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Justice Taskforce meets in Qld

The strategy, Mr Pitt said, would include practical, on-the-ground actions to address the underlying causes and consequences of crime.
The strategy, Mr Pitt said, would include practical, on-the-ground actions to address the underlying causes and consequences of crime. Sharyn Oneill Rokshood

A STATE Government taskforce established to improve safety in Indigenous communities and reduce Indigenous incarceration rates held its first meeting in far north Queensland this week.

Aboriginal and Torres Strait Islander Partnerships Minister Curtis Pitt attended the inaugural meeting of the Aboriginal and Torres Strait Islander Justice Taskforce at Lotus Glen Correctional Centre near Mareeba.

Mr Pitt said the taskforce is implementing the State Government's Just Futures 2012-2015 Strategy launched in December last year.

"Just Futures aims to tackle the over-representation of Indigenous people in Queensland's criminal justice system, as both offenders and victims," Mr Pitt said.

The strategy, Mr Pitt said, would include practical, on-the-ground actions to address the underlying causes and consequences of crime.

"This includes focusing on local community safety planning, more support for families, education and employment strategies.

"There's also a strong focus on improving rehabilitation including transitions from prison and increasing Indigenous involvement in law enforcement.

"The taskforce is made up of 12 highly respected individuals and is being co-chaired by Garth Morgan and Napcia Bin Tahal.

"Mr Morgan is the Executive Director of the Aboriginal and Torres Strait Islander Human Services Coalition, and Councillor Bin Tahal is the Deputy Mayor of the Torres Shire Council.

"Like all taskforce members, they share a passion for making a lasting difference in Queensland's Indigenous communities," he said.

Mr Pitt said Just Futures outlines 48 actions and improvements to current services which seek to address the underlying causes of Indigenous over-representation, at every point within and outside the criminal justice system.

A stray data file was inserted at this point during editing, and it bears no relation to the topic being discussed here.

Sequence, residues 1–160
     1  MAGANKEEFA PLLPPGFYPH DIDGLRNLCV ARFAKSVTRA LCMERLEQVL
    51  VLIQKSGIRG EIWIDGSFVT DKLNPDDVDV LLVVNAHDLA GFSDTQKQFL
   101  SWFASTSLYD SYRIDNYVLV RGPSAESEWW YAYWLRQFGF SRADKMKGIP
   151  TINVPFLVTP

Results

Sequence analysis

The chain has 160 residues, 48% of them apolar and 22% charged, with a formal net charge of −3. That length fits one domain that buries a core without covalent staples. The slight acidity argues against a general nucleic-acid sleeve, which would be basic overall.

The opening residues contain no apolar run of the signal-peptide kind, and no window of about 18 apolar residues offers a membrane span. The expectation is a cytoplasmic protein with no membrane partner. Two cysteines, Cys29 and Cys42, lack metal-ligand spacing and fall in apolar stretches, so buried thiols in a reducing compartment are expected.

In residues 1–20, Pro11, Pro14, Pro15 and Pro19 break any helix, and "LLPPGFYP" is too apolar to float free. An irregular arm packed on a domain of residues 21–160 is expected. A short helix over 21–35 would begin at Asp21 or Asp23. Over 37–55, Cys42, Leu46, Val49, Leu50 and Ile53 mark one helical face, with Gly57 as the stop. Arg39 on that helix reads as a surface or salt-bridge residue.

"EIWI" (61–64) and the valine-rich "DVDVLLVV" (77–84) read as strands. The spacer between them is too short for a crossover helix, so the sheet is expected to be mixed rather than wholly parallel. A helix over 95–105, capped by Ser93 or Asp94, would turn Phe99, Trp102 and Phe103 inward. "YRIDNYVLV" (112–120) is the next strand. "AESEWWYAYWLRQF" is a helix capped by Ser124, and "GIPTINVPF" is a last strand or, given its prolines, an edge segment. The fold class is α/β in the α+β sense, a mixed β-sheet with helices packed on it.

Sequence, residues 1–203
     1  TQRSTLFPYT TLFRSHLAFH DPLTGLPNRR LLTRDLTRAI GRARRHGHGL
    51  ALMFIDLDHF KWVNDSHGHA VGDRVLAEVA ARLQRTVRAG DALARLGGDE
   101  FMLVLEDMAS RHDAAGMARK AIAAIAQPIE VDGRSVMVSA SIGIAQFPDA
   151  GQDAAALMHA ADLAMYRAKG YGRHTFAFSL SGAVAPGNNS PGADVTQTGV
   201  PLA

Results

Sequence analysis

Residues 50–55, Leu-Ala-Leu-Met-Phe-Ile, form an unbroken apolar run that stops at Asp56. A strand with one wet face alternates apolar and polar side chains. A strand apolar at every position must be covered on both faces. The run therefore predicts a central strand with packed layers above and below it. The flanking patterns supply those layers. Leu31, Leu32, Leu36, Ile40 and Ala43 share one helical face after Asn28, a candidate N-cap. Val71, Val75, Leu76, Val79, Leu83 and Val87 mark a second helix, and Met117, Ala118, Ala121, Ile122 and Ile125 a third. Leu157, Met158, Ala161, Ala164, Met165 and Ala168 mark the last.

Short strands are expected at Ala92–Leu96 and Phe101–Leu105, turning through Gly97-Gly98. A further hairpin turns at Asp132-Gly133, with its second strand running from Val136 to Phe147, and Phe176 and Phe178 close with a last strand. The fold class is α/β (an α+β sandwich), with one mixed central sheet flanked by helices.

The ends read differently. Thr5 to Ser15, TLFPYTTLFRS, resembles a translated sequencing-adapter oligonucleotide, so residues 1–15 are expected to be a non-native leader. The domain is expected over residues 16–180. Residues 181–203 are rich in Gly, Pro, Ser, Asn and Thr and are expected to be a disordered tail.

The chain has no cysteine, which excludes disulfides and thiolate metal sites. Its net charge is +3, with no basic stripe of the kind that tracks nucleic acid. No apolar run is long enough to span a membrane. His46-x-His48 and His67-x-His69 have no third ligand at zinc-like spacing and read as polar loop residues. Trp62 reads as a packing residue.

Key priorities include:
 

  • Building stronger and more resilient communities;
  • Prevention and early intervention for children and young people;
  • Improving training, education and employment; and
  • Ensuring culturally appropriate and responsive administration of justice for Aboriginal and Torres Strait Islander people.

"Aboriginal and Torres Strait Islander peoples are still close to 12 times more likely to be in prison than non-Indigenous people," Mr Pitt said.

"This is unacceptable, and we're working to reverse this trend through initiatives like the Jail to Jobs program.

"This initiative will deliver traineeships, apprenticeships and employment to 200 Indigenous people upon leaving jail each year - around a quarter of Indigenous prisoners exiting prison."

Mr Pitt said the State Government has already committed $175,000 in seed funding to support Community Safety Planning in the discrete Indigenous communities.

"This seed funding will be used by Indigenous Local Councils, Community Justice Groups and discrete Indigenous communities to support community safety planning," he said.

"It's critical we recognise that the Queensland Government cannot reduce the over-representation of Aboriginal and Torres Strait Islander people in the criminal justice system alone.

"Everyone has a role to play - from all levels of government, the public sector and business to non-government organisations, communities and individuals."

For more information on Just Futures visit www.communities.qld.gov.au

Topics:  community curtis pitt indigenous



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